"Yes. They said some time ago that there was a good chance of Mr. Trelyon marrying the daughter—the tall girl with yellow hair, you remember?"

"And the stooping shoulders? Yes. I should think they would be glad to get her married to anybody. She's thirty."

"Oh, Wenna!"

"Mr. Trelyon told me so," said Wenna sharply.

"And they are a little surprised," continued Mabyn in the same indifferent way, but watching her sister all the while, "that Mr. Trelyon has remained absent until so near the time. But I suppose he means to take Miss Penaluna with him. She lives here, doesn't she? They used to say there was a chance of a marriage there too."

"Mabyn, what do you mean?" Wenna said suddenly and angrily. "What do I care about Mr. Trelyon's marriage? What is it you mean?"

But the firmness of her lips began to yield: there was an ominous trembling about them, and at the same moment her younger sister caught her to her bosom, and hid her face there and hushed her wild sobbing. She would hear no confession. She knew enough. Nothing would convince her that Wenna had done anything wrong, so there was no use speaking about it.

"Wenna," she said in a low voice, "have you sent him any message?"

"Oh no, no!" the girl said trembling. "I fear even to think of him; and when you mentioned his name, Mabyn, it seemed to choke me. And now I have to go back to Eglosilyan; and oh, if you only knew how I dread that, Mabyn!"

Mabyn's conscience was struck. She it was who had done this thing. She had persuaded her father that her mother needed another week or fortnight at Penzance; she had frightened him by telling what bother he would suffer if Wenna were not back at the inn during the festivities at Trelyon Hall; and then she had offered to go and take her sister's post. George Rosewarne was heartily glad to exchange the one daughter for the other. Mabyn was too independent; she thwarted him; sometimes she insisted on his bestirring himself. Wenna, on the other hand, went about the place like some invisible spirit of order, making everything comfortable for him without noise or worry. He was easily led to issue the necessary orders; and so it was that Mabyn thought she was doing her sister a friendly turn by sending her back to Eglosilyan in order to join in congratulating Harry Trelyon on his entrance into man's estate. Now Mabyn found that she had only plunged her sister into deeper trouble. What could be done to save her?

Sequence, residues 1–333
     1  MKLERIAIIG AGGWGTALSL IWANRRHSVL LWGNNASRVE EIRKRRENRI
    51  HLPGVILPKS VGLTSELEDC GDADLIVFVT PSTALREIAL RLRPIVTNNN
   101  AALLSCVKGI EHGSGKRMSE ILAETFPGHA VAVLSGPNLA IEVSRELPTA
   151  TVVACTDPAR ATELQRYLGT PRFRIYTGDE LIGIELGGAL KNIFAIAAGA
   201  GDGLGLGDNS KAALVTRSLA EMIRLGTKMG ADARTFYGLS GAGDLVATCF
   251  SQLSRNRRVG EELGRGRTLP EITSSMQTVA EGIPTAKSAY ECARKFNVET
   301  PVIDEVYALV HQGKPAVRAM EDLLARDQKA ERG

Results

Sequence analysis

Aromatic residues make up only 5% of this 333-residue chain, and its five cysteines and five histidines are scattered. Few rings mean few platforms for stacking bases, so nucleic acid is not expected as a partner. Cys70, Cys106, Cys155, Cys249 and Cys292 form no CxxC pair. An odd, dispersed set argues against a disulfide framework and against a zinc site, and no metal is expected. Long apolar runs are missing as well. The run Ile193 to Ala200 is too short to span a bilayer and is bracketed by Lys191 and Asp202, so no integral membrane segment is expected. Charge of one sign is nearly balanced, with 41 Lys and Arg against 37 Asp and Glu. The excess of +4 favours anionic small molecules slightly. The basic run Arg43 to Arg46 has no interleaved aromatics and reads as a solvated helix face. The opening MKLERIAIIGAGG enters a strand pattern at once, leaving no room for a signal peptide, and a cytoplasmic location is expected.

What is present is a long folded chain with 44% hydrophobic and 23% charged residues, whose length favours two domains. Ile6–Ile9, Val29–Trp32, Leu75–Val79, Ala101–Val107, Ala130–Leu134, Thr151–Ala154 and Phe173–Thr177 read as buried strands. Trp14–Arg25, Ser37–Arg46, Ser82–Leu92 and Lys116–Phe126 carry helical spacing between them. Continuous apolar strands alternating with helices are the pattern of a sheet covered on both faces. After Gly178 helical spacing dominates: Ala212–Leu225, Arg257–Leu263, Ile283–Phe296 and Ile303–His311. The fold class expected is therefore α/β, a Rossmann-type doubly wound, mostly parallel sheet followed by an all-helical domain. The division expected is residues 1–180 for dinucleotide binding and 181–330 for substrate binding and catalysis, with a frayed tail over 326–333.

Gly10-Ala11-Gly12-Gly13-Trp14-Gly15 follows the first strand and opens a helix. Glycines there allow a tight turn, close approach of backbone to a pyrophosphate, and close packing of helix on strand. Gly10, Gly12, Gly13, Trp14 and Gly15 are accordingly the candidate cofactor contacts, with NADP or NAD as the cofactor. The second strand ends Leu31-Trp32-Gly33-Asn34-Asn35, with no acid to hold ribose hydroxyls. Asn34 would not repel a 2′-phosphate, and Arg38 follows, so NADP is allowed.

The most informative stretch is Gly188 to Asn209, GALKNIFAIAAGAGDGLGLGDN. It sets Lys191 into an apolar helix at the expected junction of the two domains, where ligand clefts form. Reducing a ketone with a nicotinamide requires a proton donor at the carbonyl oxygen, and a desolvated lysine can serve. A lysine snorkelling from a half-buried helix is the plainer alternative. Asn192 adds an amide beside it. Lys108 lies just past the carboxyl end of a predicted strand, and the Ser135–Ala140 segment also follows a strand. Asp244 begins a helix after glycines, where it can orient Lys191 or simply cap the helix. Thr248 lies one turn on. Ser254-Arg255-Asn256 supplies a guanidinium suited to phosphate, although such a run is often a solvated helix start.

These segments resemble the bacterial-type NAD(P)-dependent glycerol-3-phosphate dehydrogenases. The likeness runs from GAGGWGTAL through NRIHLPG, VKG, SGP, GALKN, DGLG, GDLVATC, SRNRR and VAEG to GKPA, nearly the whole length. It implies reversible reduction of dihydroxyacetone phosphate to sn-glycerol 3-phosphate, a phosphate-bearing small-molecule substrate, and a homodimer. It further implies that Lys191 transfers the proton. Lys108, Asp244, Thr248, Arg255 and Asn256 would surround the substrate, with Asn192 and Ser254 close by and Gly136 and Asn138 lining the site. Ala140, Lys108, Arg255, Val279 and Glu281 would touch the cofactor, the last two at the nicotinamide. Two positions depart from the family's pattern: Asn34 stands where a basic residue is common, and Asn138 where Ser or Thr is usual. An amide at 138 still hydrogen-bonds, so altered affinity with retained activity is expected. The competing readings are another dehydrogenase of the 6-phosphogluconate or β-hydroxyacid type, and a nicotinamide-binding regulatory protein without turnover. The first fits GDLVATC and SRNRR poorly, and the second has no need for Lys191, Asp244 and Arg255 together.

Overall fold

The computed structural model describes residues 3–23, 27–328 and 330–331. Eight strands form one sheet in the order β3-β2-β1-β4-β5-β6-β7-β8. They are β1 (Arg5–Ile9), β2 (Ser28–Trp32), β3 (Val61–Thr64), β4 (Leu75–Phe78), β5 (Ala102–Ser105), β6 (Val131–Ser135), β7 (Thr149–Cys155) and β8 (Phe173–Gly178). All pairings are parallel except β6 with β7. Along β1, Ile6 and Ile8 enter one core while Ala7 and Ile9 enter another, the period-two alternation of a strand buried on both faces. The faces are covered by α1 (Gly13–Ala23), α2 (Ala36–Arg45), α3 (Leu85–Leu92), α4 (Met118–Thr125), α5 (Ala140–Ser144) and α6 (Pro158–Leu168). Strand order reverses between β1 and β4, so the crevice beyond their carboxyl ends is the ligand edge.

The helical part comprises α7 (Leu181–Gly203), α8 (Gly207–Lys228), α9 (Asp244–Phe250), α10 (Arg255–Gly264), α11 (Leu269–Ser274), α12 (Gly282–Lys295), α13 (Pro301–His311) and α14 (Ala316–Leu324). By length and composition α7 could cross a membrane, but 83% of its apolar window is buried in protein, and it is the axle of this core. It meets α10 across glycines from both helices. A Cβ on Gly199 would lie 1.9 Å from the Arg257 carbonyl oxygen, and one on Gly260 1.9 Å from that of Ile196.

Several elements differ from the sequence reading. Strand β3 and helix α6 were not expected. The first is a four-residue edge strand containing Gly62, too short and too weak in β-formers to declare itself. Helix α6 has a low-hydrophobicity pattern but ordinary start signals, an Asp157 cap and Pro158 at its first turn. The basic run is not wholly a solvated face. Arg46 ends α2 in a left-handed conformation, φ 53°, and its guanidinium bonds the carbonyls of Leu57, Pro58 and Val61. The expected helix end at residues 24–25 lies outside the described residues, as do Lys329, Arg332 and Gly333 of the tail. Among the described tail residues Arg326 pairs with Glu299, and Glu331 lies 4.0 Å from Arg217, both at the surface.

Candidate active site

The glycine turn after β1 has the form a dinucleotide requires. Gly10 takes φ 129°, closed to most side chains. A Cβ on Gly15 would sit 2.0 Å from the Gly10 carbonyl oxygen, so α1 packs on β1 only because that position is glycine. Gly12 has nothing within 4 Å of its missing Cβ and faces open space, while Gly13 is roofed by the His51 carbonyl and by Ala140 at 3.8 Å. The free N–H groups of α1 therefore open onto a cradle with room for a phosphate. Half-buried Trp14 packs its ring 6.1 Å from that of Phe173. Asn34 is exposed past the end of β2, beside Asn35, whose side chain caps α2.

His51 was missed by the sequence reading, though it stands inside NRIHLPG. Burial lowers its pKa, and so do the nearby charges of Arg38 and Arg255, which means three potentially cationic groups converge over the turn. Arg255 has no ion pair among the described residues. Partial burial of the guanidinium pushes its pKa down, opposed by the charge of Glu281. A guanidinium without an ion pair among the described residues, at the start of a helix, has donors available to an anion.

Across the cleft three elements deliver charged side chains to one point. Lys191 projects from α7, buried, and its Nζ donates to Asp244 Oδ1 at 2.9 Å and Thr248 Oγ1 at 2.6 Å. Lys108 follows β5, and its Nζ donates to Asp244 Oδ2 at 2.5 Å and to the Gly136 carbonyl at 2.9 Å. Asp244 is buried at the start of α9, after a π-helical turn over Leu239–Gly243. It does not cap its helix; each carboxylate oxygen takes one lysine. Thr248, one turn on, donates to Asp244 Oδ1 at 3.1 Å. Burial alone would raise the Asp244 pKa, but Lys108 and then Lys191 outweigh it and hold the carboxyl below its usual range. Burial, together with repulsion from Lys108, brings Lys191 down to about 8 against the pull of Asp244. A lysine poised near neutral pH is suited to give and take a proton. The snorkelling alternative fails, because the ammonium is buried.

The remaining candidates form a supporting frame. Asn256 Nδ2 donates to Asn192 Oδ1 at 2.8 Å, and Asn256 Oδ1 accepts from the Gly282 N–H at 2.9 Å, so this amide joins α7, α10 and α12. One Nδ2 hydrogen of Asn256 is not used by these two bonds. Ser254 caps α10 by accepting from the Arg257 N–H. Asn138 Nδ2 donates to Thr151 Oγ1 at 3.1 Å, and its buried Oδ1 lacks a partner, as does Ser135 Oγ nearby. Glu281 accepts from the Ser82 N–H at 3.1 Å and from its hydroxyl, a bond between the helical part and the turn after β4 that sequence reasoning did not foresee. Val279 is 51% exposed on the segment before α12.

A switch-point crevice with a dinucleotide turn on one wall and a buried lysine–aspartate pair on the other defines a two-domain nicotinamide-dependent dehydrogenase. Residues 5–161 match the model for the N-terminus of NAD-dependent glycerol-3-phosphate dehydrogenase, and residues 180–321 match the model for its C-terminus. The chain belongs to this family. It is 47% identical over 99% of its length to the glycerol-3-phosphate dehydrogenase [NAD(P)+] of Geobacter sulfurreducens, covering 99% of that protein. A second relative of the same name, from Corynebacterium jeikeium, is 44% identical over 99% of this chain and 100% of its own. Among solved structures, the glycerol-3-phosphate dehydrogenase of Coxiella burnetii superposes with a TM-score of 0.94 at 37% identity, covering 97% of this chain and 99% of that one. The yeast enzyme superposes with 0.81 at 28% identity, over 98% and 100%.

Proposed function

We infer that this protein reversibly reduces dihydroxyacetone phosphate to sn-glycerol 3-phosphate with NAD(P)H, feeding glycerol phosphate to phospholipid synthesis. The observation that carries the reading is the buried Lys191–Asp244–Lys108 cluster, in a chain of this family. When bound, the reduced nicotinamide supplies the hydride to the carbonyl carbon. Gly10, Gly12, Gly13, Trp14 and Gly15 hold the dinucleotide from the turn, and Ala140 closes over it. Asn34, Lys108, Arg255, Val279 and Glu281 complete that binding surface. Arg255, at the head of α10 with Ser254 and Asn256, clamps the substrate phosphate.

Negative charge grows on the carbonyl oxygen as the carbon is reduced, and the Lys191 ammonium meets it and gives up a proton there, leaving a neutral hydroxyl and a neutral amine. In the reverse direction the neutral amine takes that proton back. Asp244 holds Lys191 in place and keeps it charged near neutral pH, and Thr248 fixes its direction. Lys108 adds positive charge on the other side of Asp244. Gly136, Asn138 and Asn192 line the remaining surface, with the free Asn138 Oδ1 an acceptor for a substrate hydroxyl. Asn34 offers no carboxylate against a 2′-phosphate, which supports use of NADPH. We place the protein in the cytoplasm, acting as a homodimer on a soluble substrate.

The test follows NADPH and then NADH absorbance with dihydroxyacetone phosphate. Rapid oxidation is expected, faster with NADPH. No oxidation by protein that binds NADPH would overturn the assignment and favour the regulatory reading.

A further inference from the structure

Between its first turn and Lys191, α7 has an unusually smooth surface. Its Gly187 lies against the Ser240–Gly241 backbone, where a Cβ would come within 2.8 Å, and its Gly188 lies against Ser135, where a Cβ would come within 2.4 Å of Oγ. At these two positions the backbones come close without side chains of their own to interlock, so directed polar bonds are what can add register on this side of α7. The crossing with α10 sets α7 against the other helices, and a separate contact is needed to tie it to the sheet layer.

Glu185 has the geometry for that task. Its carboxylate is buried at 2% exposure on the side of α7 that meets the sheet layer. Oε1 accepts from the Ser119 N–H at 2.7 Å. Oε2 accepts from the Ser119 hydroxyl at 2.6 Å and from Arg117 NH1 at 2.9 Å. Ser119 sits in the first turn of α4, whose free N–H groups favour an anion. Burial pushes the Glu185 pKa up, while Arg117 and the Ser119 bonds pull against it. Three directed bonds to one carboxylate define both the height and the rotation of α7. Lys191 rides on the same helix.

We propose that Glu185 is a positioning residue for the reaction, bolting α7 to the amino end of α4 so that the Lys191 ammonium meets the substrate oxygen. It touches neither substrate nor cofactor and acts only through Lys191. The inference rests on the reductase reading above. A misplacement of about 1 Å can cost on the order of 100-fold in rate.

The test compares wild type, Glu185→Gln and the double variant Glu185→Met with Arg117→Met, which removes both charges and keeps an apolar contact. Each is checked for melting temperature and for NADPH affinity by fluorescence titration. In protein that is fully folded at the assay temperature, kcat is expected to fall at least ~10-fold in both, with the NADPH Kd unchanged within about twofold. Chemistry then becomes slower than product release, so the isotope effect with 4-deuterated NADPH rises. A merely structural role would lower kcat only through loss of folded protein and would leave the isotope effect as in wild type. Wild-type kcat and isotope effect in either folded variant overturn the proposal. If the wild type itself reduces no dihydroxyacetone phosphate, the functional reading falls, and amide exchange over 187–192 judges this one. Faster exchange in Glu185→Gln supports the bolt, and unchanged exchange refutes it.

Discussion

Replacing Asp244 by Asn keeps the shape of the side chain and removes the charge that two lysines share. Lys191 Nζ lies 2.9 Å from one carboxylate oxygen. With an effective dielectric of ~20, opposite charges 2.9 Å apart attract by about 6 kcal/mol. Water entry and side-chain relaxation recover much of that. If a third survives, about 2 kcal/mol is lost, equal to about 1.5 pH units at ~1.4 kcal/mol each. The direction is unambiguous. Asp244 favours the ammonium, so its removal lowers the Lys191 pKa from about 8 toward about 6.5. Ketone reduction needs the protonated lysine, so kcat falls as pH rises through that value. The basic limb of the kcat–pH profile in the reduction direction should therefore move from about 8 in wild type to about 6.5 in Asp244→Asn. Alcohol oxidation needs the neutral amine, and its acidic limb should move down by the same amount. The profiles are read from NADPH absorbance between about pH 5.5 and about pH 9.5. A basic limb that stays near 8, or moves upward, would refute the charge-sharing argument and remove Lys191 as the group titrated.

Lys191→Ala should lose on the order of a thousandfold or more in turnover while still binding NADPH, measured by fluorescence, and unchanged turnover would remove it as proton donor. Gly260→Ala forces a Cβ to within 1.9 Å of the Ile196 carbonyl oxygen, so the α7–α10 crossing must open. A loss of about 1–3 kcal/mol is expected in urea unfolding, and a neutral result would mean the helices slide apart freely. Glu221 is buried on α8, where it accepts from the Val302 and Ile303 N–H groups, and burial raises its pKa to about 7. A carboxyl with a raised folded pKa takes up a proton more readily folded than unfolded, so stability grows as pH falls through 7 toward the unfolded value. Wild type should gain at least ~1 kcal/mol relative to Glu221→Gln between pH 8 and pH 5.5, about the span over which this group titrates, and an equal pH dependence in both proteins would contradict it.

"Wenna," said Mabyn rather timidly, "do you think he has left Penzance?"

Wenna turned to her with a sudden look of entreaty in her face: "I cannot bear to speak of him, Mabyn. I have no right to: I hope you will not ask me. Just now I—I am going to write a letter—to Jamaica. I shall tell the whole truth. It is for him to say what must happen now. I have done him a great injury: I did not intend it, I had no thought of it, but my own folly and thoughtlessness brought it about, and I have to bear the penalty. I don't think he need be anxious about punishing me."

She turned away with a tired look on her face, and began to get out her writing materials. Mabyn watched her for a moment or two in silence; then she left and went to her own room, saying to herself, "Punishment! Whoever talks of punishment will have to address himself to me."

When she got to her own room she wrote these words on a piece of paper in her firm, bold, free hand: "A friend would like to see you for a minute in front of the post-office in the middle of the town." She put that in an envelope, and addressed the envelope to Harry Trelyon, Esq. Still keeping her bonnet on, she went down stairs and had a little general conversation with her mother, in the course of which she quite casually asked the name of the hotel at which Mr. Trelyon had been staying. Then, just as if she were going out to the Parade to have a look at the sea, she carelessly left the house.